The sad story of the DUI Bishop Heather Cook rolls on here in Charm City, even when appears that there are few if any concrete developments to report. But is the drama continuing behind the scenes at the Episcopal Diocese of Maryland and in the national Episcopal Church?

Maybe. Thus, it should be noted that The Baltimore Sun published a rather strange, and thus interesting, feature story the other day that focused on the role that may or may not have been played in this story by U.S. Presiding Bishop Katharine Jefferts Schori. The goal appears to be to place the Cook tragedy in the context of recent Episcopal warfare (while avoiding global angles and, at the same time, cutting the Anglican wars timeline very, very short).

But toward the end of this story there are some interesting moments of silence. I cannot tell if the Sun editors simply do not realize the implications of some of their own reporting.

This brings me, once again, to the parable of the old lighthouse keeper. Remember that one?

Once there was a man who lived in a lighthouse on the foggy Atlantic. This lighthouse had a gun that sounded a warning every hour. The keeper tended the beacon and kept enough shells in the gun so it could keep firing. After decades, he could sleep right through the now-routine blasts.
Then the inevitable happened. He forgot to load extra shells and, in the dead of night, the gun did not fire. This rare silence awoke the keeper, who lept from bed shouting, "What was that?"

Yes, readers may substitute the famous Sherlock Holmes image of the dog that didn't bark at this point. Either way, what is the loud silence in this story?

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Say what? Another revelation shreds the timeline in sad case of Bishop Heather Cook of Maryland (updated)

Say what? Another revelation shreds the timeline in sad case of Bishop Heather Cook of Maryland (updated)

First, a confession (as Great Lent approaches): I am an Eastern Orthodox Christian who lives in Maryland, which by definition means that I know many former Episcopalians. So from the beginning of the sad saga of the DUI Bishop Heather Elizabeth Cook, I have heard people trying to make sense of the timeline and trying to discern its impact -- spiritual, political and financial -- on the Episcopal Diocese of Maryland.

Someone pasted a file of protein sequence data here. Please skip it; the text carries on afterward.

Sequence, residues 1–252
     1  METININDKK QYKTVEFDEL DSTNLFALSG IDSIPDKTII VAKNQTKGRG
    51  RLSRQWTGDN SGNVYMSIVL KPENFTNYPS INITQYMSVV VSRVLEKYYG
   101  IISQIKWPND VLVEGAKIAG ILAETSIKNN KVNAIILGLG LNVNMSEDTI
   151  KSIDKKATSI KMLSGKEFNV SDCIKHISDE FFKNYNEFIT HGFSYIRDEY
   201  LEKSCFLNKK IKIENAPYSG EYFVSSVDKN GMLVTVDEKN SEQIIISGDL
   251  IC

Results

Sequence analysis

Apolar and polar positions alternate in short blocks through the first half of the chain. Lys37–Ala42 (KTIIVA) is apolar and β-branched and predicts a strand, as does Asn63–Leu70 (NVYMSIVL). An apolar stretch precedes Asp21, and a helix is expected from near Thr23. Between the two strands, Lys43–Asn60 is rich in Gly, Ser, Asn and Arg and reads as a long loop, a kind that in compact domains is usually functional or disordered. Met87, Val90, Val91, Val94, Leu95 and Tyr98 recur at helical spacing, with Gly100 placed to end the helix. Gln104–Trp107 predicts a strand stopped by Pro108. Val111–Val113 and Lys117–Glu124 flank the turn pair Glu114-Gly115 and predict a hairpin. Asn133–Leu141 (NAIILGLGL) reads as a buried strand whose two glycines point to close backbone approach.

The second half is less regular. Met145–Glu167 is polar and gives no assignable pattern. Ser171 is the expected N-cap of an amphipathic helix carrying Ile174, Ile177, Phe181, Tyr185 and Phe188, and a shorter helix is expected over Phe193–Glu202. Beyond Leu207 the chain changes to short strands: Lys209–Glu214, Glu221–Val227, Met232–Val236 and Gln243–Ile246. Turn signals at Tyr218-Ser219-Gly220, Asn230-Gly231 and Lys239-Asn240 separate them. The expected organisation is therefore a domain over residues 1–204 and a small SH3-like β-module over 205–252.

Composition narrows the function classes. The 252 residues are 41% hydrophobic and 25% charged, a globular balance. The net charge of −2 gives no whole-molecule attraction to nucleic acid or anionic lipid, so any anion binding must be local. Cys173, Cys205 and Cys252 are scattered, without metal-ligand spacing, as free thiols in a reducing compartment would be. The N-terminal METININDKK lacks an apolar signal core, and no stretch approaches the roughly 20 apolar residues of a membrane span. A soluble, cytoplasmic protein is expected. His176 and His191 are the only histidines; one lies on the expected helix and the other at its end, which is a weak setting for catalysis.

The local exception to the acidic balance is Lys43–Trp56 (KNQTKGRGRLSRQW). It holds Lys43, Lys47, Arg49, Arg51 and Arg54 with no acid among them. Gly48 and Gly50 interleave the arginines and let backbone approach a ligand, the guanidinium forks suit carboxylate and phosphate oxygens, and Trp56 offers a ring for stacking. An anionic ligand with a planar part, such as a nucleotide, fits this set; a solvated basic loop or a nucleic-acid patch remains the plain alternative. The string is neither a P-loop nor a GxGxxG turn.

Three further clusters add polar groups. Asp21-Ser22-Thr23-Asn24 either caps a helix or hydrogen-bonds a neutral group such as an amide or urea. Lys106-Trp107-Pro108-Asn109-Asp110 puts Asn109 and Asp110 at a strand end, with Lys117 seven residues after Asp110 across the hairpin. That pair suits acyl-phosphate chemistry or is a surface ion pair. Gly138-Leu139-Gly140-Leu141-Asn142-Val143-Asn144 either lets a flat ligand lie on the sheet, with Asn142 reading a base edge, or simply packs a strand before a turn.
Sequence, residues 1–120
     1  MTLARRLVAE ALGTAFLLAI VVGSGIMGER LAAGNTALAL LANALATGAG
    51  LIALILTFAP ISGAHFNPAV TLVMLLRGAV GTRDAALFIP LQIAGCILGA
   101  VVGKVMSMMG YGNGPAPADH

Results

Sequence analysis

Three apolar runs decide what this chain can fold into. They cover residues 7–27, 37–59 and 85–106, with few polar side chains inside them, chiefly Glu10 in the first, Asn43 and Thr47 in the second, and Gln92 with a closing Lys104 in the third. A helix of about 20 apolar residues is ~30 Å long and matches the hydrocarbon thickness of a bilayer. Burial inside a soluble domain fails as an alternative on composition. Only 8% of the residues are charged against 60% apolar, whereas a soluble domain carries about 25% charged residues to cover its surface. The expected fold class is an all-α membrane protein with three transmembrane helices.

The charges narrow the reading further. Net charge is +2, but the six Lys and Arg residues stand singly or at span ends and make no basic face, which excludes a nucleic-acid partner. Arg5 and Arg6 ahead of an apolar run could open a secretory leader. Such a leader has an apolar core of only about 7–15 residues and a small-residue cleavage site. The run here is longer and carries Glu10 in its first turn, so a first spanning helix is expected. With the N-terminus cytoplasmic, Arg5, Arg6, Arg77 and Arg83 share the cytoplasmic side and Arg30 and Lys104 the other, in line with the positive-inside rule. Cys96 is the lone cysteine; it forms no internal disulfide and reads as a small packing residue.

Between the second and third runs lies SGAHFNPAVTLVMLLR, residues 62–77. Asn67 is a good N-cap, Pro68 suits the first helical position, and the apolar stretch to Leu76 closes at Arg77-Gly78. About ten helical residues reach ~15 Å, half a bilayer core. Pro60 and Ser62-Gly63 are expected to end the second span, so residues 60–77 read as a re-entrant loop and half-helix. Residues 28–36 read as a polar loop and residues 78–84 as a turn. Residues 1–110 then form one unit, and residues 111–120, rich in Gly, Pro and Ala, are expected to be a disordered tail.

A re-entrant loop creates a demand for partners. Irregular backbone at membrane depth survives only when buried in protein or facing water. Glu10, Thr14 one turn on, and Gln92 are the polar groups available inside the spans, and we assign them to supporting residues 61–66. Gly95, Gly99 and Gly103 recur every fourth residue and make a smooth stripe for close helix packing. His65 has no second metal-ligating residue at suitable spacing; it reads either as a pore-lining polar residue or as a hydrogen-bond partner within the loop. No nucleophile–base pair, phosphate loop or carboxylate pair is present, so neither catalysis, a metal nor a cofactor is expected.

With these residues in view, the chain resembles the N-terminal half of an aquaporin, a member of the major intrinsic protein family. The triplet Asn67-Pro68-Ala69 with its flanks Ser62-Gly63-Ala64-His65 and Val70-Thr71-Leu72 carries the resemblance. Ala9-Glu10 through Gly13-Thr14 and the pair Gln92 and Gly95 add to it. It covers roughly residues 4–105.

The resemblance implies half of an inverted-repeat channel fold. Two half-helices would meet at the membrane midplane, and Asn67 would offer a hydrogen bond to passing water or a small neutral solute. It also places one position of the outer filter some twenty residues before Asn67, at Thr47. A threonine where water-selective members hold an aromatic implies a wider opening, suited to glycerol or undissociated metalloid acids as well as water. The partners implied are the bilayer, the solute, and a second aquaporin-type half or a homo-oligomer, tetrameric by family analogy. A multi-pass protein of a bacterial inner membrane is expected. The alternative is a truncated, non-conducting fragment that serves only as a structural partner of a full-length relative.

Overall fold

The working theory: Cook was a legacy case, the daughter of a powerful local priest (a recovering alcoholic who was a pioneer in ministry to alcoholics). It appears that Cook was an effective parish pastor and then, during a decade as an administrator in the quiet and well-bred Eastern Shore Diocese of Easton, her work load pushed her deep into drink. Thus, the horrible 2010 DUI episode involving burning rubber, vomit, a fifth of whiskey and some marijuana.

But she received treatment and the Diocese of Maryland, without letting all of the voters know about that DUI thing, selected her as a bishop. Then perhaps the stress returned? Thus, the strange sermon on bad habits and safe driving and then the fatal collision with a cyclist. She has been charged with criminal negligent manslaughter, using a texting device while driving, leaving the scene of an accident that resulted in death and three charges of drunken driving. Bail: $2.5 million.

But now there is this timeline shocker, care of The Washington Post and several other sources, including former GetReligionista George Conger, who now writes for The Media Project. The Post story opens with this:

The bishop of the Episcopal Diocese of Maryland suspected that Heather Cook -- now charged in the drunken-driving death of a Baltimore bicyclist -- was drunk during her installation festivities this past fall, a new official timeline shows. ...

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Got news? Shocker in Anglican Communion is news, other than in North America

Got news? Shocker in Anglican Communion is news, other than in North America

There is this old saying that wits have long used to describe life in the modern Anglican Communion: "The Africans pray, the Americans pay and the British write the resolutions." Readers will also see variations on that final clause such as, "the British make/set (all) the rules."

But you get the point. Of course, the archbishop of Canterbury is also supposed to be the person -- as the first among equals -- who gets to call the most important meetings (while setting the rules for what goes on).

But what if (a) the Americans were to face an incredible budget crunch, in an age of imploding membership demographics, and (b) the Africans were no longer willing to pray (or more importantly, share the Sacraments) with Western progressives who have an evolving view of key elements of the Creed and centuries of Christian moral theology? 

At that point, there could be a big -- actually, "historic" is the operative word -- story in the world's third largest Christian communion.